Are you a picky eater? Or do you know someone who is super selective about what they eat? Well, what if we told you that there’s an eating disorder that’s more than just picky eating? That’s right, we’re talking about Avoidant/Restrictive Food Intake Disorder (ARFID). It’s a serious condition that affects many people and can lead to malnutrition and weight loss. But don’t worry, we’ve got you covered!
In this blog post, we’ll take a closer look at ARFID and cover everything you need to know about its diagnosis, signs and symptoms, and the amazing team of professionals who help those affected by the disorder. Let’s dive in!
Table of Contents
What is ARFID?
Eating disorders are becoming increasingly prevalent in today’s society. While many people have heard of disorders like anorexia, bulimia, and binge eating disorder, there are others that are less commonly known. One of these lesser-known eating disorders being ARFID.
ARFID is a type of eating disorder that is characterized by a persistent avoidance or restriction of food intake that leads to weight loss, malnutrition, and/or other medical complications.1 Unlike other eating disorders, such as anorexia nervosa and bulimia, individuals with ARFID are not motivated by a desire to lose weight or change their body shape.1
It’s common for children to go through phases of being picky or selective with their food choices. However, when someone has ARFID, they may not be getting enough calories to support proper growth and development, which can lead to weight loss in adults and stalled weight gain and vertical growth in children.1
Signs and Symptoms of ARFID
The signs and symptoms of ARFID can vary from person to person, but here are the most common ones:1
Behavioral and psychological:
- Dramatic weight loss
- Dresses in layers to hide weight loss or stay warm
- Reports constipation, abdominal pain, cold intolerance, lethargy, and/or excess energy
- Reports consistent, vague gastrointestinal issues (“upset stomach”, feels full, etc.) around mealtimes that have no known cause
- Dramatic restriction in types or amount of food eaten
- Will only eat certain textures of food
- Fears of choking or vomiting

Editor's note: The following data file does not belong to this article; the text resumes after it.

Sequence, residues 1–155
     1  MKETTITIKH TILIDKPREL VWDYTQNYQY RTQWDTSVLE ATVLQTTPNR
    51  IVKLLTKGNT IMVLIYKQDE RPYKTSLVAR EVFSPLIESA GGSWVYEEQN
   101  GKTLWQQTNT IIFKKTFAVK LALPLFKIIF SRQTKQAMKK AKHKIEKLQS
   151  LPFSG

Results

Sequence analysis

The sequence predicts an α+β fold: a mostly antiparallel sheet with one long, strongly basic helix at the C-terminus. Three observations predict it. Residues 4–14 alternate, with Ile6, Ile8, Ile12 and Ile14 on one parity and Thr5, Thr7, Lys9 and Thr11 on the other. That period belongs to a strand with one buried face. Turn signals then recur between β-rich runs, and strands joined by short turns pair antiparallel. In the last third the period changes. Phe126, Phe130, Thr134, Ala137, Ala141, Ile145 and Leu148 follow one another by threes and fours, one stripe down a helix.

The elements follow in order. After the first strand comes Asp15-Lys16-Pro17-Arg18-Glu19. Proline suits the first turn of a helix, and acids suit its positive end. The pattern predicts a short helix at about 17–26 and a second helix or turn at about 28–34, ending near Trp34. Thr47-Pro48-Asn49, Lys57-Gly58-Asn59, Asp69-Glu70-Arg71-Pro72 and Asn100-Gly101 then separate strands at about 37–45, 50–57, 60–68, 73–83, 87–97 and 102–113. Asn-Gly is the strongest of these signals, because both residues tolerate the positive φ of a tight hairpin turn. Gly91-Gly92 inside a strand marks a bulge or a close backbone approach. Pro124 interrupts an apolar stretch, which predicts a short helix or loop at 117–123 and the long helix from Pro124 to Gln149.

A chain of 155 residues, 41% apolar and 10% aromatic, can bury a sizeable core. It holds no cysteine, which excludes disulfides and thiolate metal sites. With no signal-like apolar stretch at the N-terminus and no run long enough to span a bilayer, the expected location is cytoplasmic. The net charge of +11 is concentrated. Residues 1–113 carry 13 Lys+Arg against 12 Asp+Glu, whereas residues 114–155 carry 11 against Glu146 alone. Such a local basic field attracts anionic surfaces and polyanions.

- Lack of appetite or interest in food
- Limited range of preferred foods that becomes narrower over time (i.e., picky eating that progressively worsens).
- No body image disturbance or fear of weight gain
- Stomach cramps, other non-specific gastrointestinal complaints (constipation, acid reflux, etc.)
- Menstrual irregularities—missing periods or only having a period while on hormonal contraceptives (this is not considered a “true” period)
- Difficulties concentrating
- Abnormal laboratory findings (anemia, low thyroid and hormone levels, low potassium, low blood cell counts, slow heart rate)
- Postpuberty female loses menstrual period
- Feeling cold all the time
- Sleep problems
- Dry skin
- Dry and brittle nails
- Fine hair on body (lanugo)
- Thinning of hair on head, dry and brittle hair
- Muscle weakness
- Cold, mottled hands and feet or swelling of feet
- Poor wound healing
- Impaired immune functioning
Types of ARFID
If you or someone you know is dealing with ARFID, it’s important to understand that there are different types of this eating disorder. Each type has its own unique symptoms and challenges. Here’s a breakdown:2
- Avoidant ARFID: In this type, individuals avoid certain foods due to sensory issues, like smells, textures, or appearance. For example, they might be sensitive to the smell of certain foods, textures like soft or prickly fruits and vegetables, or the way food looks.
- Aversive ARFID: This type is characterized by fear-based reactions to food. People with Aversive ARFID may experience fear of choking, nausea, vomiting, pain, or swallowing difficulties, which leads them to avoid certain foods altogether.
- Restrictive ARFID: In Restrictive ARFID, individuals have little-to-no interest in food, a low appetite, get distracted during mealtime, or are extremely picky eaters. This can lead to limited food intake and nutritional deficiencies.
- Adult ARFID: ARFID isn’t just for children and adolescents; many adults can experience it as well. Adults with ARFID may still have symptoms from their adolescent years and can fall into any of the three types of ARFID.